The game went rather smoothly for the first six innings.  There was one moment when a Pamphleteer was called out on a close call and the team nearly went on strike, but an arbitrator quickly settled the matter amicably, with concessions.  The Pamphleteers managed to push a couple runs across in the third and led the Careerists 3-2 when they came to bat in the top of the seventh, the final inning.

Pitching that day for the Pamphleteers was their ace, Catnip Turner.  He’d done a masterful job.  His high-arching lobs had been hitting the front and rear of the homeplate extension with unremitting regularity, throwing off the majority of Careerist hitters.  Now, Turner faced a young executive leading off.  His first pitch was a moderately high arching pitch that just caught the inside back part of the plate.  The next two pitches were just outside.  Not wanting to walk the first batter, Turner tossed a fat one which was ripped past second and by a diving Bobby Merkel for a base hit.

The next Careerist executive also reached base on a rare error by Honus at short.  This was followed by two swinging strikeouts.  However the number three hitter managed to eke out a walk.

With two outs and the bases loaded, little Jimmy Kross came to the plate.  Kross, a diminutive executive known for taking orders and ruthlessly carrying them out, was responsible for driving in both Careerist runs this day via the home run ball, aided by suspicious fairball calls from the ALEC-sponsored umpires.  He flexed his jaw muscles as he walked to the plate, never taking his eyes off Catnip as he readied himself in the batter’s box. There was a palpable uneasiness from the crowd.

Chanting began.  “Capitalist pig, capitalist pig.  Why don’t you swing and miss it big ... like you did on your tax returns this past year.”

Pamphleteer fans are nothing if not well-informed.

Catnip knew he couldn’t give into this guy so he decided to go right at him with the high stuff.  His first pitch soared up into the air and landed directly on the back of the plate extension for a strike.  The crowd roared.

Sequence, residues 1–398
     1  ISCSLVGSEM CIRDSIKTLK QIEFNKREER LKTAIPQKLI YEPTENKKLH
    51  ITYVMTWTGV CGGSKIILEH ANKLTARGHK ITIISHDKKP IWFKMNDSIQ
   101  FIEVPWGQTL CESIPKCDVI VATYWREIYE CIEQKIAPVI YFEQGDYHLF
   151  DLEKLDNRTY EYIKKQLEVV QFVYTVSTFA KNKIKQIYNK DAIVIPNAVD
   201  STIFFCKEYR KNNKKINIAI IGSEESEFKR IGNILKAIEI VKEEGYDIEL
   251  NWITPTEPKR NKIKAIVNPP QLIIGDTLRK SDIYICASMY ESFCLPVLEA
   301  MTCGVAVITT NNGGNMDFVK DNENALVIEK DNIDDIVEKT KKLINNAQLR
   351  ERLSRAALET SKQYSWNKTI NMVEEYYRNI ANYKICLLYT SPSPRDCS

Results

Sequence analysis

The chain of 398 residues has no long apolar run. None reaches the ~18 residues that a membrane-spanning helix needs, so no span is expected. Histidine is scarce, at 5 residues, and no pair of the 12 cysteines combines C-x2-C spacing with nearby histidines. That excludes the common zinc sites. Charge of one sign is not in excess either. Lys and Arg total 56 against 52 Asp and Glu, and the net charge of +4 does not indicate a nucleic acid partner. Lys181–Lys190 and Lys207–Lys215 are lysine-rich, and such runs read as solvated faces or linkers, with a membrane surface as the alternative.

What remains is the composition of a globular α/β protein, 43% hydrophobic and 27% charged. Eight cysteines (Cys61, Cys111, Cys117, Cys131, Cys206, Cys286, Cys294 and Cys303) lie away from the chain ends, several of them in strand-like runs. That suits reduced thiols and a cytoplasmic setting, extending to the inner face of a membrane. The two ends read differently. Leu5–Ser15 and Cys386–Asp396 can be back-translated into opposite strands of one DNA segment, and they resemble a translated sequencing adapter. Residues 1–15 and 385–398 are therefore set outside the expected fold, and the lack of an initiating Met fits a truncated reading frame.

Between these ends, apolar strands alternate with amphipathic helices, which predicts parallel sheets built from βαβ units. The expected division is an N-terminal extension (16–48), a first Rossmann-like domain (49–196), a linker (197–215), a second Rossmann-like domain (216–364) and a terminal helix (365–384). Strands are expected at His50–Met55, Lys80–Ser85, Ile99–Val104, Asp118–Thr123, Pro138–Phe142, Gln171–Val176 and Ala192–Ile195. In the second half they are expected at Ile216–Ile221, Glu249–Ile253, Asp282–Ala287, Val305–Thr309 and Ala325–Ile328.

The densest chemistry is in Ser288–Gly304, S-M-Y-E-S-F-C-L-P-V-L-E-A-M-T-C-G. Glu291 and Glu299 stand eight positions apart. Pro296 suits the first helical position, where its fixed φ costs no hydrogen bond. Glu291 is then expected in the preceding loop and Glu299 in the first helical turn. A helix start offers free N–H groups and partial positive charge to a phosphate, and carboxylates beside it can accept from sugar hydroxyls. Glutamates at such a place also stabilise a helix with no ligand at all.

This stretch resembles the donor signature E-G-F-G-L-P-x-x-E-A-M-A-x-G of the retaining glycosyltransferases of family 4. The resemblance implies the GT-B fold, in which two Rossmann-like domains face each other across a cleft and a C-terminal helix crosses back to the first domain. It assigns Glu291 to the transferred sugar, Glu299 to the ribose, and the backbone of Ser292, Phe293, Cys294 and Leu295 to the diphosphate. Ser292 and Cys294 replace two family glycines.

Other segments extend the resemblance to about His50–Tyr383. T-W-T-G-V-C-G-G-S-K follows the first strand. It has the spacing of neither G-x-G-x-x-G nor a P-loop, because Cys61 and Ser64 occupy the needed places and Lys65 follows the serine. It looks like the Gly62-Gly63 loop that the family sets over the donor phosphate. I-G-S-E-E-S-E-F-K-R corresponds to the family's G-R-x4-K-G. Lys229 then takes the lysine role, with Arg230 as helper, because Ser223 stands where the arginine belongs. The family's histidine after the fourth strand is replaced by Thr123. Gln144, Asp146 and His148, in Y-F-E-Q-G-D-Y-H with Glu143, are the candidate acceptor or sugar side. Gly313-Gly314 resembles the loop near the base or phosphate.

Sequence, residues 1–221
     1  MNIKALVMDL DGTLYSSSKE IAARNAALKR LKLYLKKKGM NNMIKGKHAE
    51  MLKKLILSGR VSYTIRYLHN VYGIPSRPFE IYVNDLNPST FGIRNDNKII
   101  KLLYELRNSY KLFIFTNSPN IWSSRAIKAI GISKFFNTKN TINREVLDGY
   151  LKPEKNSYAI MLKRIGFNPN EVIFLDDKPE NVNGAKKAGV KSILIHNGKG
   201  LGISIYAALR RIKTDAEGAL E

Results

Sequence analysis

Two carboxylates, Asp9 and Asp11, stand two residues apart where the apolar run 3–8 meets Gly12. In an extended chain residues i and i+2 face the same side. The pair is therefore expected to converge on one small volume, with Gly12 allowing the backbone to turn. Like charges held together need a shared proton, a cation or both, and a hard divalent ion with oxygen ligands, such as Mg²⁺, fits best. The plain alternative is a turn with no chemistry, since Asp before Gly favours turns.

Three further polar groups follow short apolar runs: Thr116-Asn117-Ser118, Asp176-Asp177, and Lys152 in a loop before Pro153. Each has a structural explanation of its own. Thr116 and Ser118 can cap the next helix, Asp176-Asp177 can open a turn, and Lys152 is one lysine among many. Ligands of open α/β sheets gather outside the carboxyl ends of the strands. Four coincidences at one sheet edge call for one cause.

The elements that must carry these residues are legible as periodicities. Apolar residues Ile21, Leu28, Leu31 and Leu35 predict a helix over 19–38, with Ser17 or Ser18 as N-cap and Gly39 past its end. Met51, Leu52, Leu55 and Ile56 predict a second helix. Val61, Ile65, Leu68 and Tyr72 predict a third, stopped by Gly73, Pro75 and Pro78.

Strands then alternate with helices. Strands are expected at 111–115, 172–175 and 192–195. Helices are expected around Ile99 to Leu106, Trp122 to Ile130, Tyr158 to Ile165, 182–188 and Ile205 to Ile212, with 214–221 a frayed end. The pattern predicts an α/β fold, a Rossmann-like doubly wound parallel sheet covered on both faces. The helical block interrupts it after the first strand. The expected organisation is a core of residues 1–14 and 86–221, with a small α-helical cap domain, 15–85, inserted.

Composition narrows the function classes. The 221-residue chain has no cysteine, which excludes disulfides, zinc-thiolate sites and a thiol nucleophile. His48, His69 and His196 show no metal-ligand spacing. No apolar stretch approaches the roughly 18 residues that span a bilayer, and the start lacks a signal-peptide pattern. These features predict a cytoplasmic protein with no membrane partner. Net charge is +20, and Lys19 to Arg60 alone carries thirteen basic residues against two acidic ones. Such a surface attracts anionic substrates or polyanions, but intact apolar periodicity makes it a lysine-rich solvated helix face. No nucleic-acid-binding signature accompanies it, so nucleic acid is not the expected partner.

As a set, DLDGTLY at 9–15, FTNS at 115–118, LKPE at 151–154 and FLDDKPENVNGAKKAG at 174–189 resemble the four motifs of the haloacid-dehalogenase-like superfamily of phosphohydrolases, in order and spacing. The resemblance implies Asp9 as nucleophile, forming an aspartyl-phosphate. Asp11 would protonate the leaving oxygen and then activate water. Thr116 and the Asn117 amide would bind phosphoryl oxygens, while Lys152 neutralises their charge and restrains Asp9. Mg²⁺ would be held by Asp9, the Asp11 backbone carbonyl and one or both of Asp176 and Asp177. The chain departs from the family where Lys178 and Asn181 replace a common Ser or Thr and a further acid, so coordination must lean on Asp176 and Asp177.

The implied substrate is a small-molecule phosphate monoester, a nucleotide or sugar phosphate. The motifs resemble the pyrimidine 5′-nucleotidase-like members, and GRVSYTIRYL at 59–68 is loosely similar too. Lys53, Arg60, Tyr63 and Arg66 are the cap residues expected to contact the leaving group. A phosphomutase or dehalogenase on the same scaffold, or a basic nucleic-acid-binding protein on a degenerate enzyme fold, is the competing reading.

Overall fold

With his teammates chattering encouragement behind and Honus urging Catnip to “Throw dat moonball,” Turner adjusted his cap, composed himself and launched the cork-filled ball up into the dusky sky.  Lost in the clouds, Catnip – and nearly everyone else – watched as the ball sailed above the lights and descended toward home plate.  Kross watched too.  Lifting his lead leg and rearing back he swung viciously at the ball as it dropped into his sweet zone.

Crack. Thunk.

The ball exploded off his bat in a flat trajectory at Catnip who was just returning to earth from  viewing his masterful pitch complete its journey.  His glove – totally by instinct and a sense of self preservation – moved in front of his groin and stopped the ball in the webbing.

Catnip looked down and found the ball in his glove.  Kross threw his bat down in disgust and muttered something about libruls as Catnip walked toward the dugout to a standing ovation.

In the outfield two fans ran quickly from left field to right field carrying a banner that said “Workers of Dirt City Unite.”  Fans poured onto the field, lifted Catnip onto their shoulders and marched around the infield.  The band kicked up a rousing version of The Internationale.  A few impromptu speeches were added before the fans and their beloved Pamphleteers walked off together to enjoy the rest of the evening recounting heroics and their efforts to overthrow the elitist corporatists from Crass Corner.   

I listened to Ray’s accounting of the big game last night and am bummed I missed it and the shrimp breole Rusty made for the after-game party.  Rusty is the best cook in Dirt City.

Maybe I’ll adjust my schedule and catch the game on my next trip.

No comments:

Post a Comment